IA: How Do Structure And Search Make An Effective Design Together?

Effective Design Information Architecture (IA) for your Enterprise Content Management (ECM) solution is especially challenging when content needs to be created and consumed in several different ways. Two potential approaches to information architecture design are structure driven and search-driven. Within following paragraphs, we will discover the pros and cons of each approach. We will also see how both approaches can be used to design IA, which will adapt to changing business requirements over a period of time.

Structure-Driven IA Effective Design

By structure, I am referring to sites/sub sites, libraries and their hierarchy.  It may be inspired by business departments, locations, or timelines. Typically, any proposed structure will have biases towards a specific type of use case. Secondly, there is a limit on how you can balance the needs of content creation and consumption.  Over a period of time, this may change how the content is being used. It is not a question of right or wrong but instead looks at how aligned the structure is with the requirements at hand.


  • Practical for implementing security.
  • Controlled access at site/library level.
  • Initially manages your business architecture.


  • Duplicated efforts.
  • Limited changes.
  • Specialized skills/time are required to define accurate taxonomies.

Search-Driven IA Effective Design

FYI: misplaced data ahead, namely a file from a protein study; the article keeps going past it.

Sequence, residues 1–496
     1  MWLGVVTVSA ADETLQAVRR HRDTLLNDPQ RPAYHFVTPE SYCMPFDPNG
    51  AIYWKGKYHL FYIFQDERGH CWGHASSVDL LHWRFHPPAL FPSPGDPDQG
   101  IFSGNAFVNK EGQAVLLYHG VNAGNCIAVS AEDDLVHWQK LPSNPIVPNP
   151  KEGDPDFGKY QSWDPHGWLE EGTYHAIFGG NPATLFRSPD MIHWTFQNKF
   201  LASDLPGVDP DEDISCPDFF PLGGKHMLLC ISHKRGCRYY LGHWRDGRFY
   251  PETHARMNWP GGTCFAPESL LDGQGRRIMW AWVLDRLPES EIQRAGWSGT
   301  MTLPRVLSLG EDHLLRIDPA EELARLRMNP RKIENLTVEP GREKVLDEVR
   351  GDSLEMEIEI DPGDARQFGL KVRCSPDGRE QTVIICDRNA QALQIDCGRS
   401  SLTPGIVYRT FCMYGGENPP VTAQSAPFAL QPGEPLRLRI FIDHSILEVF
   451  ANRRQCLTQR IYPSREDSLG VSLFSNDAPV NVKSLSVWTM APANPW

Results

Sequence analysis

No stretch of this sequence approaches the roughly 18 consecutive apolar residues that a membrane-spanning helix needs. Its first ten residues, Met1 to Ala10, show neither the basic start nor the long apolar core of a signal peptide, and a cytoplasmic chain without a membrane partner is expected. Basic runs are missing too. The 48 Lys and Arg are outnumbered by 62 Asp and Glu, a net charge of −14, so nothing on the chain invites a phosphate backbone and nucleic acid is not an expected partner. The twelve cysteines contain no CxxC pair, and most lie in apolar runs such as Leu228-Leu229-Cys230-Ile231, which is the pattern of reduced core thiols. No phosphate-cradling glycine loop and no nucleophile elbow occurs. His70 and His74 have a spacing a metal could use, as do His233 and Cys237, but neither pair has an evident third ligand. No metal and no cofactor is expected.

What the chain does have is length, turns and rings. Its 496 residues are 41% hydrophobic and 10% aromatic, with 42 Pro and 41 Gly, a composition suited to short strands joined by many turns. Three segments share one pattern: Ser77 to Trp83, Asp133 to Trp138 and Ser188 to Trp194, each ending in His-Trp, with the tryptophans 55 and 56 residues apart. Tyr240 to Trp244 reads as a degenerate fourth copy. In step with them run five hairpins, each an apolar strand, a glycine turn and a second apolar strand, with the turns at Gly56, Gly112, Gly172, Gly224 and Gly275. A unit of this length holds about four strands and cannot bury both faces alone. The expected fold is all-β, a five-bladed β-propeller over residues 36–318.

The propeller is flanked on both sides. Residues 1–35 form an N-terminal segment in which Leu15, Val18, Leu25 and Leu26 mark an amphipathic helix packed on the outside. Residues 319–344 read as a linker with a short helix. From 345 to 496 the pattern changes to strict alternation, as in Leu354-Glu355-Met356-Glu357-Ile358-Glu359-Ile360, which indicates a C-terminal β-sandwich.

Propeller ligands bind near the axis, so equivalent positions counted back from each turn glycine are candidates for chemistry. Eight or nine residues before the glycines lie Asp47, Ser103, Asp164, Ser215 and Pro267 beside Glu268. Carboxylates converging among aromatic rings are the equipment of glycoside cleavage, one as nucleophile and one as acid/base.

Another approach to IA effective design searches. Instead of fine-tuning the structure to fulfill ever-changing requirements, you can focus more on making it search friendly as well as making your content more discoverable.


  • The search may provide content you are not even aware of.
  • A search may be useful for a large volume of loosely connected content.
  • The search may enable content reusability across multiple scenarios (e.g. the same product description may be used in help documents as well as the eCommerce site).
  • Search analytics help refine content by enriching it with more metadata /fine-tuning relevance configurations.


  • Search may provide too much information.
  • Finding relevant content.
  • Sensitive content can be found (i.e. your bosses’ salary).

Since each approach has its own value within specific scenarios, it makes sense to use both approaches to support two different views. Structure-oriented views can be created for content producers.  It may help to implement appropriate access controls and workflows. However, the structure should not be designed to support immediate usages scenarios. What is needed here is to capture enough metadata, which can last long enough during the content life cycle. In Microsoft SharePoint, features such as taxonomy, term sets, metadata columns, libraries and folders can used to implement this approach.

Search should drive content consumer views. Based on the specific needs at hand, appropriate views can be created using search technologies by utilizing content metadata.  If business requirements change or new usage scenarios emerge, your content will be able to support it without requiring restructuring. Microsoft SharePoint 2013 has introduced various features such as Content Search web part and metadata-driven navigation, to support this approach.

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